"We Are Better!"
The sound of hushed chatting drifts through the men's reading room at Sultan Qaboos University. Most students are sitting in groups, some are reading the newspaper. Not far down the hall is the reading room for women: disciplined silence; heads are buried between stacks of books.
A small difference exists, and even other Islamic countries are aware of it: girls are education-oriented, hardworking, ambitious, and leave schools with better grades on average than the boys do. In Oman this trend is so strong that the only public university in the country protects itself from the female onslaught with a men's quota.
The front rows are left to the men
Those who enter the classroom building on the spacious campus near the capital city of Muscat might think at first that there are no women at all at Sultan Qaboos University. The ground floor below the concrete arcades is the men's corridor. Each lecture hall has two entrances: the men enter from below, the women enter from their corridor, from the upper floor. Female students also show reserve in the seating arrangement. As a rule, they leave the front rows to the men.
If admission to the university were based on achievement alone, then female students would long have become a majority. A polished procedure ensures that the gender ration of the 13,000 students is almost perfectly divided into 50/50. Every semester each faculty decides how many new admissions it can handle. Based on these numbers, the university council sets the numerus clauses, the minimum school grades for each subject.
Then girls compete against girls, while boys compete against boys for available places at the university. The result: only the very best of the female students are admitted, while much weaker male students make it into the university.
The Sultanate of Oman promotes women. Among the Gulf states it is seen as a pace setter for female participation. But at the same time this oldest country on the Arab peninsula sets a high value on not allowing modernization to obliterate traditional morals. The gender order at the university is the best example of this difficult balancing act. Visually, men remain the predominant sex. To the question of whether the women feel discriminated against by the seating arrangement, a female student replied: "But the teachers always talk to the back of the room. They speak directly to us!"
Women in leadership positions
In a regional comparison, women in Oman are indeed in a good position. According to official data, they have a third of the positions in the public sector and occupy twelve percent of government leadership positions. There are four female ministers and two female ambassadors; a few women also sit in the steering committee of the chamber of commerce as well as in the State Council, whose members are appointed by decree. For the advisory council (Majlis ash-Shura) they have active and passive voting rights, although at present there are only two women among the eighty-three delegates. This relation might improve itself soon, as new elections are being held this year.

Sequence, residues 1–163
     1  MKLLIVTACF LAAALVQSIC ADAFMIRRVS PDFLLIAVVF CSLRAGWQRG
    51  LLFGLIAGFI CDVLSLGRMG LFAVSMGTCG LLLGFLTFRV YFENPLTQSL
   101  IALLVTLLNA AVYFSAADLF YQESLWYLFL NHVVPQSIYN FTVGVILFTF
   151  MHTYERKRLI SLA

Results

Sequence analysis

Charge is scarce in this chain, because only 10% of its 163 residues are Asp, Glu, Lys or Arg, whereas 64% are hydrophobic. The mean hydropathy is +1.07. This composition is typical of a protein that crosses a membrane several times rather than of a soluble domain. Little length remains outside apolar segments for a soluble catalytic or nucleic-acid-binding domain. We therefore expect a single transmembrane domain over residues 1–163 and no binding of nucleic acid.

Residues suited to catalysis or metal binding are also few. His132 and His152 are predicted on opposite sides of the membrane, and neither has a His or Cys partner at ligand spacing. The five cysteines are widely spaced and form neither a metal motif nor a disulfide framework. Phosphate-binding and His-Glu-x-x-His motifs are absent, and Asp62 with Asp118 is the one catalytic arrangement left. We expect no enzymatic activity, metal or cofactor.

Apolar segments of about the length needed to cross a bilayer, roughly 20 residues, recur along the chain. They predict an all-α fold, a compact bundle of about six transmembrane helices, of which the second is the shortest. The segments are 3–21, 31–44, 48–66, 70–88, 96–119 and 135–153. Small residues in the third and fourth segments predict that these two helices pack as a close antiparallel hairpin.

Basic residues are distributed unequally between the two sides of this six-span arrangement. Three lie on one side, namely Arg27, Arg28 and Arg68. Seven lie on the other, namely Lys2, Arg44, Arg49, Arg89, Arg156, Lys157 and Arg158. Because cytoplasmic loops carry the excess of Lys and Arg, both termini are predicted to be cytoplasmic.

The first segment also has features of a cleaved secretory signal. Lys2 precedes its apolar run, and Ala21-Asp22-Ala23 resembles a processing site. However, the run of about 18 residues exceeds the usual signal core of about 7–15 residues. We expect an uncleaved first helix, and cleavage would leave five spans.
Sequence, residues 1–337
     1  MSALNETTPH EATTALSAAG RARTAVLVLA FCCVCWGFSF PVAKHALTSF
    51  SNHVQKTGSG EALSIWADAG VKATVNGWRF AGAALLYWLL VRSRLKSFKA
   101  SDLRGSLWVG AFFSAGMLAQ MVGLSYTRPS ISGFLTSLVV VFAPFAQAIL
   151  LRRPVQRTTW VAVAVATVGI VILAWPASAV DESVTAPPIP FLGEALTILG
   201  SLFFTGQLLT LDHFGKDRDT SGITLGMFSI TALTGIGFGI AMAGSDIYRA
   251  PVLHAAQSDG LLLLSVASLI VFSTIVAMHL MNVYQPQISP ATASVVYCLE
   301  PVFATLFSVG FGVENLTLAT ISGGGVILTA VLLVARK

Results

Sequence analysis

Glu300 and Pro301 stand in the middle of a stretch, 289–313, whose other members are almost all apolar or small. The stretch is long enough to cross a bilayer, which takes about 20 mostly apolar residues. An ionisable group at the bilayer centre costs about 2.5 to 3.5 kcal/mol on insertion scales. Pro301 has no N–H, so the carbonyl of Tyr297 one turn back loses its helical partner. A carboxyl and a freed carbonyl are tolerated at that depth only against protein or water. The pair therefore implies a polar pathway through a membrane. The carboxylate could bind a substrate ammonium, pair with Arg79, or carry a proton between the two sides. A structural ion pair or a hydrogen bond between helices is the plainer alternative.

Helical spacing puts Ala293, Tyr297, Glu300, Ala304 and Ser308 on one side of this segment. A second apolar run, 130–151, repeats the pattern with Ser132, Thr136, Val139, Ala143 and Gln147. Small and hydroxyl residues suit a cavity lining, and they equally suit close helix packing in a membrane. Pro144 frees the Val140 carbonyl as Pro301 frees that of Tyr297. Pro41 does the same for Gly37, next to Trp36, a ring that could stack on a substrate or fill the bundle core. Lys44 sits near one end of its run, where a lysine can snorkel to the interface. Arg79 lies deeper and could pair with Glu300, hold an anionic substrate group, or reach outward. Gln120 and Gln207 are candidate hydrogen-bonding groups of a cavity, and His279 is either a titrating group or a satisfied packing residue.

Due to their better education women are in demand in modern professions in the service sector. Men, on the other hand, profit from government program of Omanization that is supposed to gradually reduce the number of foreign workers in the labor force. Taxi drivers and fishermen, for instance, must be Omanis – neither of which are favored women's professions. Nevertheless, men and women compete for positions. The quota at Sultan Qaboos University attests to this.
The public university is considered to be the springboard for careers in administration. A portion of female graduates, some with brilliant exams, withdraw and devote themselves solely to the role of housewife and mother. The Omani society is very family-oriented. That Sultan Qaboos bin Said, the omnipresent regent, granted women the right to gainful employment, has removed many provisos, but the family still has the last word.
"Triumph of girls' education"
Yet this cannot change the fact that young girls throughout the country confidently say: "We are better." The sentence is uttered so often, as if it expresses the corporate identity of female youth.
What a triumph of girls' education! In 1970, when Sultan Qaboos came to power, Oman had only two schools, not one of them for girls. Today on the Jebel Akhdar Plateau, formerly an isolated mountainous region, one can visit a girls' school, where a sixth-grade class sits in front of phalanx of computers – and in response to the question of who wants to study at the university, every hand shoots up.
Still, nobody knows where all this is heading. Female indulgence still holds together the cracks in the framework of the gender order. A female lawyer from a conservative family milieu, who fought hard to work to the top, describes the relationship to her husband like this: "He is just a small candle in the army. But I treat him like a king. If I gave him the feeling that he were inferior, our life together would be destroyed."
© Qantara.de 2007
Translated from the German by Nancy Joyce
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